Finnish Architect Juhani Pallasmaa to Speak March 9

Thursday, February 26 2009

Feb. 26, 2009

Written by Becca Johnson

MOSCOW, Idaho – Finnish architect Juhani Pallasmaa will speak at the University of Idaho Monday, March 9. His presentation, part of the College of Art and Architecture's ongoing lecture series in architecture and interior design, will take place at 5 p.m. in the Agricultural Sciences Building, room 106, 606 Rayburn Street in Moscow.

His discussion, “Thought and Form: Twelve themes in my work,” will focus on his intellectual and design response to 12 themes: continuous line, penetration, circle/arc, joint, touch, materiality and colour, scale, light, landscape, stairway, column and time. The presentation is free and open to the public.

"My writings on architecture arise from my design work as an architect and observations of buildings and life," noted Pallasmaa. "For me, making architecture and philosophizing on the essence of architectural phenomena are two parallel views to the same thing. I do not seek their causal relationships or interaction; I am rather interested in a dialectic opposition between the two, and I am essentially concerned with the mystery of human existence."

Pallasmaa runs his architectural office in Helsinki, Finland. He has been active in urban planning, architecture, exhibition, product and graphic design.

He has held many positions, including professor and dean at Helsinki University of Technology; director of the Museum of Finnish architecture; and rector of the Institute of Design in Helsinki. Pallasmaa has also held several visiting professorships in the U.S. and lectured widely in Europe, North and South America, Africa and Asia. Pallasmaa has published 24 books and more than 300 essays in 30 languages.

"Our department first introduces architecture and interior design students to Pallasmaa through readings of his work, "The Eyes of the Skin," during their freshmen year," said Miranda Anderson, assistant professor of interior design. “For many students, this transforms the way in which they view, interpret and design the built environment. It is a call for our visually dominated culture to consider and reinforce other senses in order to create more meaningful spaces, places and experiences. The content of the lecture expands upon these notions and his continued efforts to transform our relationship with our surroundings.”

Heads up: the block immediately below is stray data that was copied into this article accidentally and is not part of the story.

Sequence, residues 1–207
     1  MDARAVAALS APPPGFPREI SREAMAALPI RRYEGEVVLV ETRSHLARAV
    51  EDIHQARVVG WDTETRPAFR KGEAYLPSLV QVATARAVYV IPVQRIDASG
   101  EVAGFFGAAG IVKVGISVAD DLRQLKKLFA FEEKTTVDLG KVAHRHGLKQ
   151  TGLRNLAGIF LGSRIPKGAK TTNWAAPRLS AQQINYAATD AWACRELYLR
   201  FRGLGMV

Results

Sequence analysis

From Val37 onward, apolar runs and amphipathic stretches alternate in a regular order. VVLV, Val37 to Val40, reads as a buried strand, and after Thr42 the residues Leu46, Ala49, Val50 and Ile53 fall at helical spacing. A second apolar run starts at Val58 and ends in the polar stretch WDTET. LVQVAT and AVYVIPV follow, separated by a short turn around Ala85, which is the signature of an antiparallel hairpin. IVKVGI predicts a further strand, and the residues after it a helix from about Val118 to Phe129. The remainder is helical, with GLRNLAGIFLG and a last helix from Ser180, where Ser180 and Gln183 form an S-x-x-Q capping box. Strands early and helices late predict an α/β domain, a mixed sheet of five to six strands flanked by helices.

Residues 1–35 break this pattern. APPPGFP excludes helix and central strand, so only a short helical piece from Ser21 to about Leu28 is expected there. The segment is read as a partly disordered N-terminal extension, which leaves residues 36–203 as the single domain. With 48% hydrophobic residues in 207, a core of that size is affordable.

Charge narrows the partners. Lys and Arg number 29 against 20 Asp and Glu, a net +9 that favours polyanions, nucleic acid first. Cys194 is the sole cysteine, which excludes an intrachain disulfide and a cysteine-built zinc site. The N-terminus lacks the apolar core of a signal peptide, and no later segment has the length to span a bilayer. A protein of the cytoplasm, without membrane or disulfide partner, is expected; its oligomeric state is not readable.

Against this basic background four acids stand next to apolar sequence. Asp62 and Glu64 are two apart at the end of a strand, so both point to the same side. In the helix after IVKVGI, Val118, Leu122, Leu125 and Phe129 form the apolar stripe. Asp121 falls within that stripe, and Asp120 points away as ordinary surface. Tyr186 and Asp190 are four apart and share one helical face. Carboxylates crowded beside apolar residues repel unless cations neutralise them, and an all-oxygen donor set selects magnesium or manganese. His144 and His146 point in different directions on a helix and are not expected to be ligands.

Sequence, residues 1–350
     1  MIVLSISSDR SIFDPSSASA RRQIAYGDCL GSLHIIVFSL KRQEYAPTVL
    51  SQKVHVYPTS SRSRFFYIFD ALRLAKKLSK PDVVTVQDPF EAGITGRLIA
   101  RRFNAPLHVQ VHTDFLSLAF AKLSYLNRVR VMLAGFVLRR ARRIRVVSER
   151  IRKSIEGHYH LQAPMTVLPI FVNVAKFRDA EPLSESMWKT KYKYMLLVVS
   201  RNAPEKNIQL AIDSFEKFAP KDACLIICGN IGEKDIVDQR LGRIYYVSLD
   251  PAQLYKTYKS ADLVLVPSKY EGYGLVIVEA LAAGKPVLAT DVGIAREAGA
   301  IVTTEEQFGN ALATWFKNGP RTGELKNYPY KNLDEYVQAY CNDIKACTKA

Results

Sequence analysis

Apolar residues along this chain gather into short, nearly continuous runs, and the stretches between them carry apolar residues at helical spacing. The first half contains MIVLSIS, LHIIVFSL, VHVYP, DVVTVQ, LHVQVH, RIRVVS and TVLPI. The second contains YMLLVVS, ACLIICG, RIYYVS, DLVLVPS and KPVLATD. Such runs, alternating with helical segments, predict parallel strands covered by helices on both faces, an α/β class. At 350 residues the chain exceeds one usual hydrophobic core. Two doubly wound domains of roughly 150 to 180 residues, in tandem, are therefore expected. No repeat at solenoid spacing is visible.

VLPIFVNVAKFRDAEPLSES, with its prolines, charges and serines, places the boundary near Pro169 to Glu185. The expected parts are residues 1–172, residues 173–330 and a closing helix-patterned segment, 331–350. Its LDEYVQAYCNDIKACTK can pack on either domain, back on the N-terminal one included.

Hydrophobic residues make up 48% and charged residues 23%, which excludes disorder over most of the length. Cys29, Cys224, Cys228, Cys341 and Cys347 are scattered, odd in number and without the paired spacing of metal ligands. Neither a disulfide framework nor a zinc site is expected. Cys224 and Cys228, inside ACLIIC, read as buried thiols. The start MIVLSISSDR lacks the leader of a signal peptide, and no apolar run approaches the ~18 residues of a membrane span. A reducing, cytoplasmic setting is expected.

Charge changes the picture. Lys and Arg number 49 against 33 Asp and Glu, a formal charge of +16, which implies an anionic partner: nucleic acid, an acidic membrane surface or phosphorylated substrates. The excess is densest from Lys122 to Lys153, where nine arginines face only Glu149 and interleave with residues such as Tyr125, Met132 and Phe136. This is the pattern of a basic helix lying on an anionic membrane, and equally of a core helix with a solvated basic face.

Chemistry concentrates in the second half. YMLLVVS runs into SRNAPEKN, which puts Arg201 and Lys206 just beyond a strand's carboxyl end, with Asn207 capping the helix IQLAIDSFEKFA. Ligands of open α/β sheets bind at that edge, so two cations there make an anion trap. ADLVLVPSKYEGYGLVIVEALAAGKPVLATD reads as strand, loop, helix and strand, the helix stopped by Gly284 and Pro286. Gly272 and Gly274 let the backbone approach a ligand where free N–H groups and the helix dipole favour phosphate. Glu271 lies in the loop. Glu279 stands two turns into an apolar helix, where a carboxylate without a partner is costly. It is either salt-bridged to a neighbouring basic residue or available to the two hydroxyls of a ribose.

The lecture is sponsored by the University of Idaho's Department of Architecture and Interior Design and the Washington State University School of Architecture and Construction Management. For more information, contact Anderson at or (208) 885-7492.

For more information about the College of Art and Architecture, visit, e-mail or call (208) 885-4409.
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About the University of Idaho
Founded in 1889, the University of Idaho is the state’s flagship higher-education institution and its principal graduate education and research university, bringing insight and innovation to the state, the nation and the world. University researchers attract nearly $100 million in research grants and contracts each year; the University of Idaho is the only institution in the state to earn the prestigious Carnegie Foundation ranking for high research activity. The university’s student population includes first-generation college students and ethnically diverse scholars. Offering more than 150 degree options in 10 colleges, the university combines the strengths of a large university with the intimacy of small learning communities. For information, visit

Media Contact: Joni Kirk, University Communications, (208) 885-7725,

About the University of Idaho
The University of Idaho helps students to succeed and become leaders. Its land-grant mission furthers innovative scholarly and creative research to grow Idaho's economy and serve a statewide community. From its main campus in Moscow, Idaho, to 70 research and academic locations statewide, U-Idaho emphasizes real-world application as part of its student experience. U-Idaho combines the strength of a large university with the intimacy of small learning communities. It is home to the Vandals. For information, visit